ADMA looks for FDA approvals of genetic disorder treatments after fixing plant issues

red blood cells
ADMA expects approval of two plasma derived products for treating genetic disorders after the FDA signed off on its plant in Florida. (Pixabay)

Ramsey, New Jersey-based ADMA Biologics believes it has its ducks in order to move forward with its specialized plasma products to treat genetic disorders that were sidelined by manufacturing issues in 2016. 

The biotech Wednesday reported that its Boca Raton, Florida, plant, which was hit with a warning letter in 2014, has been updated to Voluntary Action Indicated status by the FDA. ADMA has been upgrading the plant since acquiring it last year from its CDMO, Biotest Pharmaceuticals, in a deal in which the German company got half of ADMA’s stock.  

The plant’s status change will allow for a third-quarter resubmission of its BLA for RI-002, a plasma-based biologic for the treatment of primary immune deficiency disease that was sidelined by a 2016 complete response letter tied the plant’s deficiencies.

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“We are pleased that the FDA has acknowledged the improved current good manufacturing practice ('cGMP') conditions at our manufacturing facility and updated its database accordingly,” ADMA CEO Adam Grossman said in a statement.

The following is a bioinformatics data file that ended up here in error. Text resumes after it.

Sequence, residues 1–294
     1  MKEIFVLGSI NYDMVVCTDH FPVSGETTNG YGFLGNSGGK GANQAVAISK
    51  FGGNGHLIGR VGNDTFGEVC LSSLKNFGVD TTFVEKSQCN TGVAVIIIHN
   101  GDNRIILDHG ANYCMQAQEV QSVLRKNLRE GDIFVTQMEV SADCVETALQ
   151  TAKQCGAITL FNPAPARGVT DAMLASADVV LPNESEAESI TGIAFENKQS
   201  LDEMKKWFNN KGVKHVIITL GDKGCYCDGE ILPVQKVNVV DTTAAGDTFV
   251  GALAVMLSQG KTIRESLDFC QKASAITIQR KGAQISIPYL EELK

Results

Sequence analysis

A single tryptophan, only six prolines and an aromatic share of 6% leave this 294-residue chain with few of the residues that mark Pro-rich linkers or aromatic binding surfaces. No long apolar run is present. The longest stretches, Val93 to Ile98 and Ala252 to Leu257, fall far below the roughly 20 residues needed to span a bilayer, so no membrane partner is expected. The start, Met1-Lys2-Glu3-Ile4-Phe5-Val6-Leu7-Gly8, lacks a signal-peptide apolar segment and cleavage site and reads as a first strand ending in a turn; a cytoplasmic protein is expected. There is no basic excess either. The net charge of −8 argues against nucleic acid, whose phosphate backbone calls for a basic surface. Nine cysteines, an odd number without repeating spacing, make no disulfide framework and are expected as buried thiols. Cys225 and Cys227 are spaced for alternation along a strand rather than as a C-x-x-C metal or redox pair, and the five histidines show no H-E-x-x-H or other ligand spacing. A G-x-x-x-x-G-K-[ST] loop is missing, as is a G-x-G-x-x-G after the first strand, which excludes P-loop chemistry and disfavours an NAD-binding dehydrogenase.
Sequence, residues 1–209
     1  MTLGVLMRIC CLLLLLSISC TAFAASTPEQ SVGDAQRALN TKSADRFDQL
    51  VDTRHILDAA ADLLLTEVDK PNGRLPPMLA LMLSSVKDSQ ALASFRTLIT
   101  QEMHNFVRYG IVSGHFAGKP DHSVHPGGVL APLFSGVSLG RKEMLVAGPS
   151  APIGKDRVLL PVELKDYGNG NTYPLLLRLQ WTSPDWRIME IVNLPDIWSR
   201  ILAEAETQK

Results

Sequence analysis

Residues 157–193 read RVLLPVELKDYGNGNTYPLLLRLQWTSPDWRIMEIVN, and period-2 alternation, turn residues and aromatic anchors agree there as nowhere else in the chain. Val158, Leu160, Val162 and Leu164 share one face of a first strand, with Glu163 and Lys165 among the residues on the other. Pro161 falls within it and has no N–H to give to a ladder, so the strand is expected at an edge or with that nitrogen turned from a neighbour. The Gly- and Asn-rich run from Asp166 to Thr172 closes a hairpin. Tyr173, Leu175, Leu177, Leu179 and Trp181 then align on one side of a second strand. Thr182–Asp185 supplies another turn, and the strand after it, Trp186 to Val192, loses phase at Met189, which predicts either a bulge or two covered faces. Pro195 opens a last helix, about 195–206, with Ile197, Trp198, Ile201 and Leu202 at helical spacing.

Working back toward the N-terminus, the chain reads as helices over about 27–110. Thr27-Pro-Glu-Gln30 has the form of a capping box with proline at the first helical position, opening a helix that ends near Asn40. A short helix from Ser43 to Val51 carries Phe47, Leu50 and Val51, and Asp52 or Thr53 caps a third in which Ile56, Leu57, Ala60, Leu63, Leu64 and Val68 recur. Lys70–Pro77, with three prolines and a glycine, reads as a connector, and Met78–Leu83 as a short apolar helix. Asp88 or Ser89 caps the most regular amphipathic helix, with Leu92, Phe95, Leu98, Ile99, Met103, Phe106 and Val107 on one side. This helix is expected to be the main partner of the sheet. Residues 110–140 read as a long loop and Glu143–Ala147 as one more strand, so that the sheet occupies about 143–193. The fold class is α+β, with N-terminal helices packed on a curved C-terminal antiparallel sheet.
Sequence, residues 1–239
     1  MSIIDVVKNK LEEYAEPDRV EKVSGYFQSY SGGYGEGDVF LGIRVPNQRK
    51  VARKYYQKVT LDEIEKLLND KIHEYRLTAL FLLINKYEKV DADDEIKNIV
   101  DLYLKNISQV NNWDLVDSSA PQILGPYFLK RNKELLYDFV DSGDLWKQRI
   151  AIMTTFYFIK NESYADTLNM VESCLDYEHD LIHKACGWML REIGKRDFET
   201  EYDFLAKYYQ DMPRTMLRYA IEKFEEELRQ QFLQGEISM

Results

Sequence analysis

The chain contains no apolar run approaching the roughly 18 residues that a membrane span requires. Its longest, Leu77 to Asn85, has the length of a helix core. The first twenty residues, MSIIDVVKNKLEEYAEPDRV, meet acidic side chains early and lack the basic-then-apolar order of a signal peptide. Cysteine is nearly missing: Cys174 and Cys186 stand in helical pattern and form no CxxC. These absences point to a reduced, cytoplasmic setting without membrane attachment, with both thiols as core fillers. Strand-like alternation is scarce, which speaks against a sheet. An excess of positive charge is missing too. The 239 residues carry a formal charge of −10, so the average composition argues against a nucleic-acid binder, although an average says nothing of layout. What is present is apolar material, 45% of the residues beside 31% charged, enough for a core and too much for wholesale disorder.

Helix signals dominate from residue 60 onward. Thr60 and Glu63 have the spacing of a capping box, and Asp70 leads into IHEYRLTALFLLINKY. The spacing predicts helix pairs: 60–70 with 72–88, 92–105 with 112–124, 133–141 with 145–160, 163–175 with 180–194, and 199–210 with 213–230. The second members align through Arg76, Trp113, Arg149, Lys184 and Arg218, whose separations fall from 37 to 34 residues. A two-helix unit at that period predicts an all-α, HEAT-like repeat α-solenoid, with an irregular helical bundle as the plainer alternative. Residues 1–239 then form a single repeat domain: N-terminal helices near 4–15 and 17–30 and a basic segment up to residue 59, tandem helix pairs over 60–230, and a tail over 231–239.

In July, it reported the FDA had accepted its Prior Approval Supplement (PAS) to its biologics application for Bivigam, an intravenous immune globulin, that was pulled from the market in December 2016 because of the ongoing manufacturing issues. It has been granted a PDUFA target date of Oct. 25.

ADMA said the PAS submission specifically addressed production issues that had been laid out in the warning letter and a follow-up inspection in 2016. That includes data on product stability, process validation and specific production step-processing times, “as well as supporting data detailing the root cause of the filter clogging experienced by Biotest.”

“Since the acquisition of the Biotest Therapy Business Unit, ('BTBU') assets in June 2017, ADMA has been working diligently to address open quality, compliance and production issues which have affected the facility since 2014,” Grossman said in a statement.

The biotech has successfully manufactured three conformance lots of Bivigam which it intends to use to commercialize the product, assuming the FDA approves it in October. It anticipates a first-quarter 2019 relaunch.